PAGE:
Agribusinesses hungry for ethanol subsidy dollars seem to have planted so much corn that now we’ve got a glut of the stuff people were still calling “yellow gold” only a few weeks ago. Nonetheless, lobbying for more government subsidized ethanol continues. What’s behind the enthusiasm for ethanol?
Tim Carney’s recent column in the Washington Examiner looks at who’s pushing for higher CAFE standards, one of the key programs driving up demand for corn.
While raising the CAFE requirements would be a stick in the eye of the Big Three (whose political action committees [PACs] in 2006 gave about $1.3 million to federal candidates), it would clearly be a gift to the ethanol industry, whose strong connections to lawmakers are legendary. Ethanol, an alcohol fuel made from grain, usually corn, benefits from special tax breaks, protective tariffs, and federal and state handouts, as well as government mandates.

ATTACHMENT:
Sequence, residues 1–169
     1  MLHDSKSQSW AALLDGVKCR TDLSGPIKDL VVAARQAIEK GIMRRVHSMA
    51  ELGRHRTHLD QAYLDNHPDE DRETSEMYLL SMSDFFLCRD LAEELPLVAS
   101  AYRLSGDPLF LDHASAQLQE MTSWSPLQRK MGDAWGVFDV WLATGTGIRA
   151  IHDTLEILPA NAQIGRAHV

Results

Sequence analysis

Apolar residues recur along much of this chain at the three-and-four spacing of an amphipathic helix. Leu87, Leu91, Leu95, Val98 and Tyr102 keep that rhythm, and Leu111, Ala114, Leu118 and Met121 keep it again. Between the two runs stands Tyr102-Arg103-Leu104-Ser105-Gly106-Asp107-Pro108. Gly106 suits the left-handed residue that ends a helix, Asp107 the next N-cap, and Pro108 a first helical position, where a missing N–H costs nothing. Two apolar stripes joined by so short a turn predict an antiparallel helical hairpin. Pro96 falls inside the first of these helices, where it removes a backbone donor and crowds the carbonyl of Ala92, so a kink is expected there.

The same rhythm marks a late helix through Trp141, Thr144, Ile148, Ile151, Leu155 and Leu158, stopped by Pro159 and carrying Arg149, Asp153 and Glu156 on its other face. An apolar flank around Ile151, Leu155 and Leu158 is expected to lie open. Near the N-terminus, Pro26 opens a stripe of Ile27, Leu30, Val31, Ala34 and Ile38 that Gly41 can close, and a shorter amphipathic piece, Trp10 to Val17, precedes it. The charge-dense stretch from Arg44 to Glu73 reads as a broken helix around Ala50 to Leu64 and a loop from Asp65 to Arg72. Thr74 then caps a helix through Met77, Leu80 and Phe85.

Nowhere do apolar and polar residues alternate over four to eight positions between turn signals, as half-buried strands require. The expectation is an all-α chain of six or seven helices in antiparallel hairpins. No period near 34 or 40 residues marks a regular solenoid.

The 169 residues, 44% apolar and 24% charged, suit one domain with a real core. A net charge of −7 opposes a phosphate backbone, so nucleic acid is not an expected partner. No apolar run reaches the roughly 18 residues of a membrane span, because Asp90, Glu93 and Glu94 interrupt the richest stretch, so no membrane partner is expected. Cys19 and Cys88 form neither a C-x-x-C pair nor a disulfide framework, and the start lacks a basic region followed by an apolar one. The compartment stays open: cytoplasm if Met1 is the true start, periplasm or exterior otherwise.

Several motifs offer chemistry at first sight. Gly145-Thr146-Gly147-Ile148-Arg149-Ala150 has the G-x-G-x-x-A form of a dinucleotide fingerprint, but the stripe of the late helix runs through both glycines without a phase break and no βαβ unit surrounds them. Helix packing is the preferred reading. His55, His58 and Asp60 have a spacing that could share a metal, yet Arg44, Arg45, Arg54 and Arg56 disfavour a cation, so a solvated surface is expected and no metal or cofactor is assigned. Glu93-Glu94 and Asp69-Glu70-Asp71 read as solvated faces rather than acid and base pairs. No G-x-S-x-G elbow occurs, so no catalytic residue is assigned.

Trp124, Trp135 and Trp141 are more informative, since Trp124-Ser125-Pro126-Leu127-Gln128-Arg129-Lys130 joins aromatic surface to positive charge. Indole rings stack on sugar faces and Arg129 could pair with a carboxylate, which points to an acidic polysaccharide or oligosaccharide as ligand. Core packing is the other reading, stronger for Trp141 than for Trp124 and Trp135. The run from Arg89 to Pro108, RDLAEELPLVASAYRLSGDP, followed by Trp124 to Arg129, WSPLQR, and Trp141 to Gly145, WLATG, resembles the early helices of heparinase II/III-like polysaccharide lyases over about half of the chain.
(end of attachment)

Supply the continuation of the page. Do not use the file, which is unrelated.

In the 2006 election cycle, the PAC for Archer Daniels Midland (ADM), the nation’s top ethanol maker, gave $120,000 to federal candidates while fellow agribusiness giant Cargill, No. 2 in ethanol, gave $223,000 to House and Senate candidates.
Also pulling for ethanol — and thus benefiting from stricter CAFE standards — is Goldman Sachs, the Wall Street investment firm that has invested $30 million in a Canadian ethanol maker.
Silicon Valley billionaire Vinod Khosla, who recently penned a New York Times op-ed along with former Senate Majority Leader Tom Daschle, D-S.D., calling for even more ethanol mandates, is also heavily invested in ethanol.
(Tim Carney is the brother of DealBreaker's editor.)
Big Ethanol wins big on CAFE [Washington Examiner]